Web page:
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Your Weekly Parkinson's News Update for the Week of 2.18.19

Monday February 18, 2019
Study Uncovers Neural Roots of Parkinson's (VIDEO)
EurekAlert!
Okinawa Institute of Science and Technology (OIST) graduate scientists have gained new insight into the abnormal brain activity underlying Parkinson's. In a mouse model, the scientists observed that one group of neurons in a particular brain region--the striatum-fire in sync and dominate the overall activity of that region. When striatal neurons are stimulated continuously, they exhibit this abnormal behavior. By stimulating the neurons in precise pulses, the researchers observed that the neurons returned to their normal activity pattern, with groups of cells firing in turn.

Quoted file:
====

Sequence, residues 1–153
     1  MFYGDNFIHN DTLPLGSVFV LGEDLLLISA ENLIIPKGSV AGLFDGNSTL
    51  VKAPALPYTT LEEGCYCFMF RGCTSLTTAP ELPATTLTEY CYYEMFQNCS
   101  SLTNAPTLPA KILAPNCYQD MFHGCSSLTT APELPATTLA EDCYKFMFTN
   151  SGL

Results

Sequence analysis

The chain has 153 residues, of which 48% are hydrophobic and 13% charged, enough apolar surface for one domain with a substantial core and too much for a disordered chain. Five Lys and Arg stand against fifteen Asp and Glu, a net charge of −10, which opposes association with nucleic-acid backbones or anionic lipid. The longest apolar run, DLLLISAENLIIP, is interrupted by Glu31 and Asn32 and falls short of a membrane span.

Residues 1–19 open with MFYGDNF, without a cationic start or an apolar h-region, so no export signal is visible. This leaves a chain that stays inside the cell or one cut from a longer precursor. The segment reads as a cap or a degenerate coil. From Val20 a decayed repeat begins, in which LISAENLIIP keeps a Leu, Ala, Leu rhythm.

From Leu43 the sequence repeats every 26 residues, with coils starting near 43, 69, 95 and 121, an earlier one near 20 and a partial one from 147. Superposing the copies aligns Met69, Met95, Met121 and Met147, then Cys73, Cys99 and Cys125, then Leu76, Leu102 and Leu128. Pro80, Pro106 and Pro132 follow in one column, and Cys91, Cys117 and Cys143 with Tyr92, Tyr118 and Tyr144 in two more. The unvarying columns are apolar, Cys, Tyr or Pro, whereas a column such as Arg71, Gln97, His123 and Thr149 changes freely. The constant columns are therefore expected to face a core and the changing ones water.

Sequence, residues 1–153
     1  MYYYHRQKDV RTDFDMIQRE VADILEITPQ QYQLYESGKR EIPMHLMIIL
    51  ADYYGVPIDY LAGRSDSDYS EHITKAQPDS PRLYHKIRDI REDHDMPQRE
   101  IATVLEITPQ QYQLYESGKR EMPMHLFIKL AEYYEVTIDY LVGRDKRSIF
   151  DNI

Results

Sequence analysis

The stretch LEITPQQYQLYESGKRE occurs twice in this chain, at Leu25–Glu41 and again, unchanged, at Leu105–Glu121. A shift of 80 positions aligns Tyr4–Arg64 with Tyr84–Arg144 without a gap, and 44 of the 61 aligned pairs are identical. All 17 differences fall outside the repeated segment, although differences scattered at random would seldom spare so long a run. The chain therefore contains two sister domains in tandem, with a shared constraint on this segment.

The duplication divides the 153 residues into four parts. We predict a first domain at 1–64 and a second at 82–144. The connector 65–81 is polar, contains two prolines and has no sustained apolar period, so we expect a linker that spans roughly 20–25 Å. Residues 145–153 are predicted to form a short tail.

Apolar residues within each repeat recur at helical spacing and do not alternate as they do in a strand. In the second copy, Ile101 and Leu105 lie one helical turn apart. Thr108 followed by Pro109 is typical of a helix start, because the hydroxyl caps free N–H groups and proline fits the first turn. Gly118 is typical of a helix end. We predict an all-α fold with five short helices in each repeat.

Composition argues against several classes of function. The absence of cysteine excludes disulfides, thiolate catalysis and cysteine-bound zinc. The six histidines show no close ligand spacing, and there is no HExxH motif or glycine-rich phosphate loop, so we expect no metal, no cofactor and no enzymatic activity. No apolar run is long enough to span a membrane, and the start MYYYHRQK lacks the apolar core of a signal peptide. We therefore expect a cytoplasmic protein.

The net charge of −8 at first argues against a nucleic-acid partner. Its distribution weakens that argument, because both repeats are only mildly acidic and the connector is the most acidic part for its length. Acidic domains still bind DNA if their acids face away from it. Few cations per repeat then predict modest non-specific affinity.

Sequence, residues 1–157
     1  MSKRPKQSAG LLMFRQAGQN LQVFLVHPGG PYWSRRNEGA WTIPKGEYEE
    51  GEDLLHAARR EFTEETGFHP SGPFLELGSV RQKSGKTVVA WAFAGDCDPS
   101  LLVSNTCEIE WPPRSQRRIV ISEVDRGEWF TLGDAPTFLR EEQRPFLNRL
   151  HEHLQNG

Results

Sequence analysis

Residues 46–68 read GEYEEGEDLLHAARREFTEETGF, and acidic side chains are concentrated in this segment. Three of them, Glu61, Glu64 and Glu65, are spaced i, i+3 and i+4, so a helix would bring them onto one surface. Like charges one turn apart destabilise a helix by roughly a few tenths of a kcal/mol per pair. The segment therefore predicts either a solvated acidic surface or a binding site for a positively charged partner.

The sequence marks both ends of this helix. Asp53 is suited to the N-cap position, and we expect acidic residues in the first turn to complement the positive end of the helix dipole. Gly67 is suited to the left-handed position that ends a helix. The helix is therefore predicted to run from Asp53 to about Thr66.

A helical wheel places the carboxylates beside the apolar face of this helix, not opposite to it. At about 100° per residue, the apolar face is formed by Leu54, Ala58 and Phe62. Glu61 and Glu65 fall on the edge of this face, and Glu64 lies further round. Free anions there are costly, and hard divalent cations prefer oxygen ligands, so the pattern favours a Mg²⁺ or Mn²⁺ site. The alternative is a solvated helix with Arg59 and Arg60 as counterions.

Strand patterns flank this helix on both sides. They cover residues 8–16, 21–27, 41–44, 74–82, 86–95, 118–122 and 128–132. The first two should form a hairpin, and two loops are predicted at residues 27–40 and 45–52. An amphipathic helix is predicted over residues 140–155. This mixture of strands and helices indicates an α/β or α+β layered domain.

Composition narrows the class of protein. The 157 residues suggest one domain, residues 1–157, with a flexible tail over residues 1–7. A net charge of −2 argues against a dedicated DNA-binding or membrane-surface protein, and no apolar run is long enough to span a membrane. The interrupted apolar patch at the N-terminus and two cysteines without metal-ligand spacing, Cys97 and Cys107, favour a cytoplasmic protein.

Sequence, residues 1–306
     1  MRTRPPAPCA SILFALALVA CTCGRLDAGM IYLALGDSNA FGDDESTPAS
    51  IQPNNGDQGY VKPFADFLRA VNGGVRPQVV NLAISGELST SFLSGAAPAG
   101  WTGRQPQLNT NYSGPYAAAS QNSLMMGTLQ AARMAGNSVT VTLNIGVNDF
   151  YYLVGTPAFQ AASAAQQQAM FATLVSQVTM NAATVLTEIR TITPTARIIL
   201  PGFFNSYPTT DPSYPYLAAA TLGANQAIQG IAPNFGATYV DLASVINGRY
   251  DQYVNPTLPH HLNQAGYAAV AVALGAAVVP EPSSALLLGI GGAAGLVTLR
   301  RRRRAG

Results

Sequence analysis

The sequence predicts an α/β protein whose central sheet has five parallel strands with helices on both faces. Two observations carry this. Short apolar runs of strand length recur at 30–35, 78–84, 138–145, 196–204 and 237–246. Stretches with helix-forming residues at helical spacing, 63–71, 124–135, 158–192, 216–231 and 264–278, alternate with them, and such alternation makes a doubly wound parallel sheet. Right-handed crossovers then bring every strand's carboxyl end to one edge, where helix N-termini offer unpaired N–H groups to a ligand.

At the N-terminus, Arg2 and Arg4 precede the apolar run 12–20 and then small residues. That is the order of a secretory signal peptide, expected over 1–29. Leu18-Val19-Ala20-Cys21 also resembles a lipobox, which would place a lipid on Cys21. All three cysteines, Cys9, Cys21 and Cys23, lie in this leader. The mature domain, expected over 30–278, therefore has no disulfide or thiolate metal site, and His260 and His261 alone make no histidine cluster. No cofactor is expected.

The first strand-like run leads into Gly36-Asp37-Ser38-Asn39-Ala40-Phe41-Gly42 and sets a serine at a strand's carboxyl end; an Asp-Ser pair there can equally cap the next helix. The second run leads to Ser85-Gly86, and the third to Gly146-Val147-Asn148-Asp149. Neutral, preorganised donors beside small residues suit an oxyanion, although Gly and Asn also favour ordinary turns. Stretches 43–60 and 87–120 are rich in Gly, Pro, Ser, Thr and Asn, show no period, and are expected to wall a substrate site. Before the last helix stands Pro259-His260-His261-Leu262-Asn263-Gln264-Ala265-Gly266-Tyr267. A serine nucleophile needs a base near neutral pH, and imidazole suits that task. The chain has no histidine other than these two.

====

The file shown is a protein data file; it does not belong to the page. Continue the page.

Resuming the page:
Patient-Derived Neurons Show Promise
as Model for Parkinson’s Research, Study Finds
Parkinson's News Today
Stem cell-derived neurons from people with familial forms of Parkinson’s may be used as a valuable model to screen and develop novel therapies for this disease, according to a study.
"While most Parkinson’s cases are sporadic, approximately 10% of them are caused by mutations in the PARK1, PARK2,and PARK6 genes. PARK2 and PARK6 are known to be involved in stress responses and molecular equilibrium within mitochondria (considered the power generators of cells)."
Can We Repair the Brain? The Promise of Stem Cell
Technologies for Treating Parkinson's
Medical News Today
"We are in desperate need of a better way of helping people with Parkinson's. It is on the increase worldwide. There is still no cure, and medications only go part way to fully treat incoordination and movement problems," explained co-authors of this study.
"If successful, using stem cells as a source of transplantable dopamine-producing nerve cells could revolutionize care of the Parkinson's patient in the future. A single surgery could potentially provide a transplant that would last throughout a patient's lifespan, reducing or altogether avoiding the need for dopamine-based medications."